What is ALA Annual?
ALA (American Library Association) has two conferences every year: Midwinter (held in January) and Annual (held in June). The locations for both conferences changes every year. For example, this year Midwinter was held in Dallas, Texas and Annual will be held in Anaheim, California. In 2013, Midwinter will be held in Seattle, Washington and Annual will be held in Chicago, Illinois. ALA conferences, as you might've guessed, are focused on libraries. However, you don't have to be a librarian to have an ALA membership. Also, you do not need to be an ALA member to attend ALA.
When is ALA Annual?
ALA Annual 2012--which is held in Anaheim this year--runs from June 21-26. The exhibit floor will be open from June 22-25.
What should I bring with me to ALA?
- Comfortable shoes. If you're walking to Downtown Disney, running between the Convention Center and the parking garage, walking to get lunch, and so forth, your feet will murder you if you don't wear comfortable shoes. If you're prone to blisters or haven't broken in your shoes, bring band-aids and maybe some moleskin (not the notebooks, the skin tone stuff).
- If you're a blogger who intends to do some networking with other bloggers or publishers, business cards would probably be a good idea or maybe bookmarks. What do you want to have on your business cards? At least the basics: your blog name, your blog's url, your name, your e-mail address, maybe your Twitter username, and your job title (book blogger). I personally wouldn't list my address or my phone number on there--although maybe leave the back side of your business card blank so that you can write it down for them, should you need to/want to. If you don't have time to get them printed from an online service in time, you might want to look into local printing services or getting cardstock and doing it yourself.
- You're probably going to want to keep your hands free, so if you're taking a bag with you, a cross-body bag would probably be a good idea.
- You can bring a wheeled bag with you to put your books in, but you'll have to leave it at bag check as they are not allowed on the exhibit floor.
- Books are heavy. Also known as "your shoulder is probably going to hurt" or "best not to grab everything". I think the best rule of thumb is this: does it sound like something you're genuinely interested in or are you just picking it up because it's there?
- There will be swag... and tote bags. Which means that unless you've got a bad shoulder, you don't need to bring your own tote bags. There will be some available at booths, if you know where to look--or who to ask.
- Bring a snack with you or take a look at what's around the convention center so that you know where you'll be eating. If you're planning on eating at a restaurant in Downtown Disney, it might be a good idea to put in a reservation if you know when you want to eat. Why? Because the lines can be insane as people come out from the parks to eat (usually around dinner time in particular).
- It's never a bad idea to chat with publishers, librarians, or other bloggers. (Or book lovers for that matter.) Everyone shares a love of books and you never know, they just might recommend a book to you that turns into your next favorite read! There are two YA book blogger meet-ups that I know of on Saturday (one right after the other). The one that YA Highway and Stacked Books is hosting (here) and a more informal one beforehand at the California Pizza Kitchen that The Reading Fish and Reach for the Stars... and the Books! have thrown together (here). I'm definitely going to try to swing by both if I can--unless Saturday has completely wiped me out.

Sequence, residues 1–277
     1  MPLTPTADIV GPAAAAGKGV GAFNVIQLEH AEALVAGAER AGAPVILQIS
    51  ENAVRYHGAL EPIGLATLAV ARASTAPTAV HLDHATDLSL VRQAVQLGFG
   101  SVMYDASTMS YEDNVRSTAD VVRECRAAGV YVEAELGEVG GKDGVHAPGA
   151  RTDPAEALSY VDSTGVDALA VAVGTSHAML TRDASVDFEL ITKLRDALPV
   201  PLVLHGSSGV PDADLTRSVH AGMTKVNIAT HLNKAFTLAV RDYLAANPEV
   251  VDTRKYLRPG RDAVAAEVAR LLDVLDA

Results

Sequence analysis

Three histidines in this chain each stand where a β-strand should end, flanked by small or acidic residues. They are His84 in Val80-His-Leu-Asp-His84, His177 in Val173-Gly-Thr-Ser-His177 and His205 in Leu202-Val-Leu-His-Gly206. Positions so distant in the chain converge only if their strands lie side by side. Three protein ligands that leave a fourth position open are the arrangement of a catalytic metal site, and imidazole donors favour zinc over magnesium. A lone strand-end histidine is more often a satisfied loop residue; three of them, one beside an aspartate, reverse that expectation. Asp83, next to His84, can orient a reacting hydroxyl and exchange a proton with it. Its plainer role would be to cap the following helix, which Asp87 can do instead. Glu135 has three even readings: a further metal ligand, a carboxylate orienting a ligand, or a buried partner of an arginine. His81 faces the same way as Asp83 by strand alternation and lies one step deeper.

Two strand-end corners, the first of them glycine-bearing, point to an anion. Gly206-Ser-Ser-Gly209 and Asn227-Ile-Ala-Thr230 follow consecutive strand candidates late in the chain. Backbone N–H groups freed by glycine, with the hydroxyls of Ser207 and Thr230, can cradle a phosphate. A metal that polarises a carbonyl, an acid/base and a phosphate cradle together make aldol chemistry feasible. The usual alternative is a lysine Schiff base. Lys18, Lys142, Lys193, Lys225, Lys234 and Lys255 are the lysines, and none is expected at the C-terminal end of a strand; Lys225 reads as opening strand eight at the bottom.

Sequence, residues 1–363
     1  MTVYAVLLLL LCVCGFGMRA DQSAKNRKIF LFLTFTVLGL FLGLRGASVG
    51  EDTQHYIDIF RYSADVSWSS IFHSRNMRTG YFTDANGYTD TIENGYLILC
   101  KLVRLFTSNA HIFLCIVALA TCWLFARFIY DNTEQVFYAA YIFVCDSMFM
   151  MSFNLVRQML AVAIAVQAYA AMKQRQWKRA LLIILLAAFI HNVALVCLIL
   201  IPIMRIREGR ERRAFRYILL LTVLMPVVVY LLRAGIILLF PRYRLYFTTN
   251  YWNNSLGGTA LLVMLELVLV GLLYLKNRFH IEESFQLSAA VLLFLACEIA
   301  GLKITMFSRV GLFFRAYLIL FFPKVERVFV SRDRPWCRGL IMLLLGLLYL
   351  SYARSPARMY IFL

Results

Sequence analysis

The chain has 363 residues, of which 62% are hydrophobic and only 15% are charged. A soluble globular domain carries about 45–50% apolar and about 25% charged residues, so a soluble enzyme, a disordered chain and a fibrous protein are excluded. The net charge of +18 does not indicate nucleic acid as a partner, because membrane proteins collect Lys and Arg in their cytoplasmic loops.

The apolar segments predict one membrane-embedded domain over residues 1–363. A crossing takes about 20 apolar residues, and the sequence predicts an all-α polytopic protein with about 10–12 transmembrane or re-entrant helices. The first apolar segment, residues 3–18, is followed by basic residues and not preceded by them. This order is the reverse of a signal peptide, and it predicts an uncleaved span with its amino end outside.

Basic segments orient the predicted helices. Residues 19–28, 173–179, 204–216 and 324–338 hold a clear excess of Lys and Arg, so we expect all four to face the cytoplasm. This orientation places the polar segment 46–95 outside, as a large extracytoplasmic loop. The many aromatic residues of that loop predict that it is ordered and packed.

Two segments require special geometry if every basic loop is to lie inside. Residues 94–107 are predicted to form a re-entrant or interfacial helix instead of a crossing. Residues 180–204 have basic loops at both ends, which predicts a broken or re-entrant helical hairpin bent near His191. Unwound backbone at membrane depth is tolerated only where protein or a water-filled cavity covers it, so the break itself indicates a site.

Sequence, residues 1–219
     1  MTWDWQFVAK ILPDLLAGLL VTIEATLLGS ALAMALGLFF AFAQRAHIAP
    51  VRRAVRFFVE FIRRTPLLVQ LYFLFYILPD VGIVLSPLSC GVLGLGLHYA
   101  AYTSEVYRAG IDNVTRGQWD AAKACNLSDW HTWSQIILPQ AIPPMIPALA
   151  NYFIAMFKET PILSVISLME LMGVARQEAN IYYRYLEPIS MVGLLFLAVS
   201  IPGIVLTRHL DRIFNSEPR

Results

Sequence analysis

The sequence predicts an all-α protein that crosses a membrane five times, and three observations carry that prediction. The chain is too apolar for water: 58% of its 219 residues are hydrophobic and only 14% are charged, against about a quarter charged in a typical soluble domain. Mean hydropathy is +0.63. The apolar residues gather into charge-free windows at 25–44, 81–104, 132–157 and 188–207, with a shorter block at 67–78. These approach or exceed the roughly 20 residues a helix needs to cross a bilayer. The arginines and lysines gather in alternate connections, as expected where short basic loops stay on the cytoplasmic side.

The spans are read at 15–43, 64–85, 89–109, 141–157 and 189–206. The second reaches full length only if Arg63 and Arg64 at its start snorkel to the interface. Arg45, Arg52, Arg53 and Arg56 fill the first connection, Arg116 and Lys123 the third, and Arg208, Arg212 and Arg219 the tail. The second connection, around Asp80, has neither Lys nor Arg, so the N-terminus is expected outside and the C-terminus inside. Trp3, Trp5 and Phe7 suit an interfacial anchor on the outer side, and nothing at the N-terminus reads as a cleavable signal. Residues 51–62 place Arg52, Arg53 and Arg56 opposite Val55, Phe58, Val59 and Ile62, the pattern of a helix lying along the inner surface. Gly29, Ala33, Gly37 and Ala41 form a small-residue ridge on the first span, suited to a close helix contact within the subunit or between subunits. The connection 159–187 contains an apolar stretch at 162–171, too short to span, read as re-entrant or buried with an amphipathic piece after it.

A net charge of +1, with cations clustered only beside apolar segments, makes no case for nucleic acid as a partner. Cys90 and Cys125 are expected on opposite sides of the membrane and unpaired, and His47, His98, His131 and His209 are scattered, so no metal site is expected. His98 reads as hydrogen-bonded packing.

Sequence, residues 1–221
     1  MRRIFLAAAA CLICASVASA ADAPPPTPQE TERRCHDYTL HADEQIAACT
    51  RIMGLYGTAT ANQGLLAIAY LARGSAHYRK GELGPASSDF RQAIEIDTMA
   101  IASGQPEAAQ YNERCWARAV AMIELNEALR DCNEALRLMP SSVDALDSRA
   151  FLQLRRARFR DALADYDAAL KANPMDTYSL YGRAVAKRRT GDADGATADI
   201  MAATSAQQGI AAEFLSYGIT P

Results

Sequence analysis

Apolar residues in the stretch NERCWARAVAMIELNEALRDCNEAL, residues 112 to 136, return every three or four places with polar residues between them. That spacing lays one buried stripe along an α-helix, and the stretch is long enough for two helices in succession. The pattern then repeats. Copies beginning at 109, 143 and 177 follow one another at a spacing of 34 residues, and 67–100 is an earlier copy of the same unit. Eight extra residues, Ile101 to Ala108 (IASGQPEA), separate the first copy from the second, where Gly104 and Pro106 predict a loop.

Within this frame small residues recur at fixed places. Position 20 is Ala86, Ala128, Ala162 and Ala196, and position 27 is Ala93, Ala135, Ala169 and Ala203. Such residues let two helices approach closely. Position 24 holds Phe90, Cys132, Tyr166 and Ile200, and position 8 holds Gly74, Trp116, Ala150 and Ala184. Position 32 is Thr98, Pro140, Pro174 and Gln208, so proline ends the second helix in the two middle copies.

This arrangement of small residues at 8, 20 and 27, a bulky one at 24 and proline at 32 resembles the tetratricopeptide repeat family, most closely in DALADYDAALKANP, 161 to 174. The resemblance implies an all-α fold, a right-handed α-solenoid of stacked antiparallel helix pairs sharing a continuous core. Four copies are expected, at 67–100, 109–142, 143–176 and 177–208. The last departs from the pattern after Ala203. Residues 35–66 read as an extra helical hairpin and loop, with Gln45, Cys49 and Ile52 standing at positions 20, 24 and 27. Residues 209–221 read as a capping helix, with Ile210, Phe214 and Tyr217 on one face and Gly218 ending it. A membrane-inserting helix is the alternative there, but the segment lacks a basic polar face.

- Take one. Okay, that's a pretty general statement and I'm sure that this is something that we all know, but just in case, I'm going to say it: if you're going to take a book, only take one copy. I know, maybe you know another blogger who can't attend who is dying for the book that you too excited about or maybe you're contemplating a giveaway; but please, let's think about this. I mean, you'd be taking away a copy that a librarian could've picked up. I'm completely aware that this is hypocritical as anyone who isn't a librarian who attends ALA is, with this logic, taking away books from librarians--but it's not my point. Don't take more than you really need and you can always share your copy with your friend, right? Or maybe wait until the last day and if they still have copies available, that's the time to pick up a copy for your friend. As for giveaways, the best thing to do is give away the copy that you picked up to read. Read it, review it, and then give it away if you want to. A better idea might be to get in contact with your local librarian and see if they couldn't use your ARC for their teen program (if they have one) and so forth--or maybe give it to a high school English teacher for their classroom's library.
- If you don't see something, ask. As they say, it doesn't hurt to ask and in 2011, this was how I was lucky enough to get Wolfsbane by Andrea Cremer at Midwinter.
- Use the app. Yes, there is an application you can download onto your smartphone and use for ALA. Honestly? It can be very, very useful.
- Conduct yourself in a professional manner. I don't care if it's the most popular title of the season, there is no reason to push, shove, fight, and so forth. Most of us are not ALA members and as such, are guests.
Edited to add: Unfortunately I'm really busy this week and unable to update the blog quite as often as I usually do. I do, however, have a few posts scheduled. Also, I'm away at ALA this weekend! When I get back I'll be sure to do a wrap-up post but until then? Happy reading everyone!